12. Almond JB, Cohen GM. Theproteasome: a novel target for cancer chemotherapy. Leukaemia. 2002;16:433-443
13. Dugger W. Boron in plant metabolism. In: (ed.) Lauchli A, Bielesk R. Encyclopedia of plant physiology, inorganic plant nutrition; Vol 15. Berlin: Springer Verlag. 1983:626-650
14. Deitrich R. Diphosphopyridine nucleotide-linked aldehyde dehydrogenase III. Sulfhydril characteristics of the enzyme. Arch Biochem Biophys. 1967;119:253-263
15. Roush A, Norris E. The inhibition of xanthine oxidase by borates. Arch Biochem Biophys. 1950;29:344-347
16. Strittmatter P. Reversible direct hydrogen transfer from reduced pyridine nucleotides to cytocrome b5 reductase. J Biol Chem. 1964;239:3043-3050
17. Johnson S, Smith K. The interaction of borate and sulfite with pyridine nucleotides. Biochemistry. 1976;15:553-559
18. Blevins DG, Lukaszewski KM. Proposed physiologic function of boron in plants pertinent to animal and human metabolism. Environ Health Perspect. 1994;102:31-33
19. Goldbach HE, Hartmann D, Rotzer T. Boron is required for the stimulation of the ferricyanide-induced proton release by auxin in suspension-cultured cells of Daucus carota and Lycopersicon esculentum. Physiol Plant. 1990;80:114-118
20. Ferrol N, Rodriguez-Rosales MP, Roldan M, Belver A, Donaire JP. Characterization of proton extrusion in sunflower cell cultures. Rev Esp Fisiol. 1992;48:22-27
21. Roldan M, Belver A, Rodriguez-Rosales MP, Ferrol N, Donaire JP. In vivo and in vitro effects of boron on the plasma membrane proton pump of sunflower roots. Physiol Plant. 1992;84:49-54
22. Belver A, Donaire JP. Partial purification of soluble lipoxygenase of sunflower cotyledons: action of boron on the enzyme and lipid constituents. Z Pflanzenphysiol. 1983;109:309-317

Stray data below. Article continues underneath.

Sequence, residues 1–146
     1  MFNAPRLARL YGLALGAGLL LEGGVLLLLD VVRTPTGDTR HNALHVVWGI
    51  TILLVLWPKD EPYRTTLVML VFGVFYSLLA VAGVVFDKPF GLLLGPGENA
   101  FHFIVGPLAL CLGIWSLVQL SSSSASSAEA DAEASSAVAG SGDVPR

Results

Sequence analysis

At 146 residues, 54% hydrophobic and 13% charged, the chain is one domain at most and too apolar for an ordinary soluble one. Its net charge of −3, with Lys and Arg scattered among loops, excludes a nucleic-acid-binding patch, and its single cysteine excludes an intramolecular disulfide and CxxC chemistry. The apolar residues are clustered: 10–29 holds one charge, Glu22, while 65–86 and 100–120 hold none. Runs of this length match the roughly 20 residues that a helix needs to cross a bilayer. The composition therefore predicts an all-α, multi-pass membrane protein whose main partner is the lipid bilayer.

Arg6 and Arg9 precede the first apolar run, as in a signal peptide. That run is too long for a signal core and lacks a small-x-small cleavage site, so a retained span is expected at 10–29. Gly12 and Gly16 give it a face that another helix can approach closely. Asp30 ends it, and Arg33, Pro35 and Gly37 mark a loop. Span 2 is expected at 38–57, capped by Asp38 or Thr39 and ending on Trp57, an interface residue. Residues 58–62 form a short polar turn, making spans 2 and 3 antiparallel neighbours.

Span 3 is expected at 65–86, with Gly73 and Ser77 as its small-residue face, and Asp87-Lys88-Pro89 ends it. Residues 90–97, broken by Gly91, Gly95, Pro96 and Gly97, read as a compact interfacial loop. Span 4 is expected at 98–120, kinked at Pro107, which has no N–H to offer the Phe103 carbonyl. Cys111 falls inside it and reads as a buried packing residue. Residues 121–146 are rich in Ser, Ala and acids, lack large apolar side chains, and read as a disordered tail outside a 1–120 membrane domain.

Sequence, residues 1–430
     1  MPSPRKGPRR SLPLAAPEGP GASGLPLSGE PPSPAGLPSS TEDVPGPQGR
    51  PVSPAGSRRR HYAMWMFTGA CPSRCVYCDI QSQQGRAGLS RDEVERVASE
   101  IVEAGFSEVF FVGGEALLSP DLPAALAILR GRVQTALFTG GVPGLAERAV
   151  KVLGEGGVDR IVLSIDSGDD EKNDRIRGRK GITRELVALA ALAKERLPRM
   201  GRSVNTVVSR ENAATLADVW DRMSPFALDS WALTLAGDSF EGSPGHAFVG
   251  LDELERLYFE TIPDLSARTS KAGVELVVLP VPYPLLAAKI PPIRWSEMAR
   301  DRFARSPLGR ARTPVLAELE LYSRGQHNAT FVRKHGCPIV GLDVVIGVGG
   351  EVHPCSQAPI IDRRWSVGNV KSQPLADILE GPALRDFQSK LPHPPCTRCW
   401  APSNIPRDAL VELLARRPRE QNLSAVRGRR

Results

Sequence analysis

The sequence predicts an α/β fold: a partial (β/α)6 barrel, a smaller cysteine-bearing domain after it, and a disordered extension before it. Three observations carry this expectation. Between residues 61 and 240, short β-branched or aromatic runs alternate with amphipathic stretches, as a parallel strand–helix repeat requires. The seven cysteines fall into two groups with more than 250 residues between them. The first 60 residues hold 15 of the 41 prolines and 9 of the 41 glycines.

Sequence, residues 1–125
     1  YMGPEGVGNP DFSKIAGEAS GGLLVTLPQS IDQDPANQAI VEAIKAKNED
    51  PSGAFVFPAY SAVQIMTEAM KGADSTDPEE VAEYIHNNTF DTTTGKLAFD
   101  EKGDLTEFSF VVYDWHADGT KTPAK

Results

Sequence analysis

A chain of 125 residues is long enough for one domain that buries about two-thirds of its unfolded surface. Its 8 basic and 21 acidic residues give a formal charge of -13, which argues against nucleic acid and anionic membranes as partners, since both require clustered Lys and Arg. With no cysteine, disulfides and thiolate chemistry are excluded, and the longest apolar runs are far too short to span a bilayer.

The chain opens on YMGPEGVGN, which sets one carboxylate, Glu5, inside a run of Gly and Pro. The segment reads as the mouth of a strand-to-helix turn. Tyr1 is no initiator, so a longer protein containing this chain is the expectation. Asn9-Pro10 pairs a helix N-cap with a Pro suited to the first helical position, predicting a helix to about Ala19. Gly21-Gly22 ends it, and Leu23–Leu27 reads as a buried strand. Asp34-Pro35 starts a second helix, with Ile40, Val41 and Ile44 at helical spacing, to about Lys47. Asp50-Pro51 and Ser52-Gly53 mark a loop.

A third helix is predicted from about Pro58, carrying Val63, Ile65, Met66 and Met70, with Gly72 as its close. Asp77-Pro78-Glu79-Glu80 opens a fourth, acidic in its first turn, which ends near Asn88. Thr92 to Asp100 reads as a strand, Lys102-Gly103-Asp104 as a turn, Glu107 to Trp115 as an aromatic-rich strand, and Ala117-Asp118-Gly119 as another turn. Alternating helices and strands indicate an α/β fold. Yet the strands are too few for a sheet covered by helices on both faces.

23. Loomis WD, Durst RW. Chemistry and biology of boron. BioFactors. 1992;2:229-239
24. Barr R. The possible role of redox-associated proteins in growth of plant cells. J Bioenerg Biomembr. 1991;23:443-467
25. Morre DJ, Brightman AO. NADH oxidase of plasma membranes. J Bioenerg Biomembr. 1991;23:469-489
26. Hunt C, Nielsen F. Interaction between boron and cholecalciferol in the chick. Trace element metabolism in man and animals-vol 4. Gawthorne J, White C, eds. Canberra: Australian Academy of Science. 1981:597-600
27. NIH. Toxicology and carcinogenesis studies of boric acid (CAS no. 10043-35-3) in B6C3F1 mice (food studies). Research Triangle Park, NC: US Department of Health and Human Services, Public Health Service, National Institutes of Health, National Toxicology Program. 1987
28. Weir RJJr, Fisher RS. Toxicologic studies on borax and boric acid. Toxicol Appl Pharmacol. 1972;23:351-364
29. Benson WH, Birge WJ, Dorough HW. Absence of mutagenic activity of sodium borate (borax) and boric acid in the Salmonella preincubation test. Environ Toxicol Chem. 1984;3:209-214
30. Landolph JR. Cytotoxicity and negligible genotoxicity of borax and borax ores to cultured mammalian cells. Am J Ind Med. 1985;7:31-43
31. Willig H, Curtze A. Animal experiments in the therapy of obesity with boric acid. Dtsch Med J. 1952;15:483-485
32. Lee IP, Sherins RJ, Dixon RL. Evidence for induction of germinal aplasia in male rats by environmental exposure to boron. Toxicol Appl Pharmacol. 1978;45:577-590
33. Guaraldi F, Pagotto U, Pasquali R. Predictors of weight loss and maintenance in patients treated with antiobesity drugs. Diabetes Metab Syndr Obes. 2011;4:229-43
34. Lafontan M, Langin D. Lipolysis and lipid mobilization in human adipose tissue. Prog Lipid Res. 2009;48:275-297
35. Jensen MD, Caruso M, Heiling V, Miles JM. Insulin regulation of lipolysis in nondiabetic and IDDM subjects. Diabetes. 1989;38:1595-1601
36. Lewis GF, Uffelman KD, Szeto LW, Steiner G. Effects of acute hyperinsulinemia on VLDL triglyceride and VLDL apoB production in normal weight and obese individuals. Diabetes. 1993;42:833-842
37. Cinti S. et al. Adipocyte death defines macrophage localization and function in adipose tissue of obese mice and humans. J Lipid Res. 2005;46:2347-2355
38. Nishimura S. et al. Adipogenesis in obesity requires close interplay between differentiating adipocytes, stromal cells, and blood vessels. Diabetes. 2007;56:1517-1526
Corresponding author: Erhan Aysan, Address: Bezmialem Vakif University, Vatan Caddesi, Fatih, Istanbul, Turkey. Tel: +902124531700; Fax: +902125310092; e-mail: drcom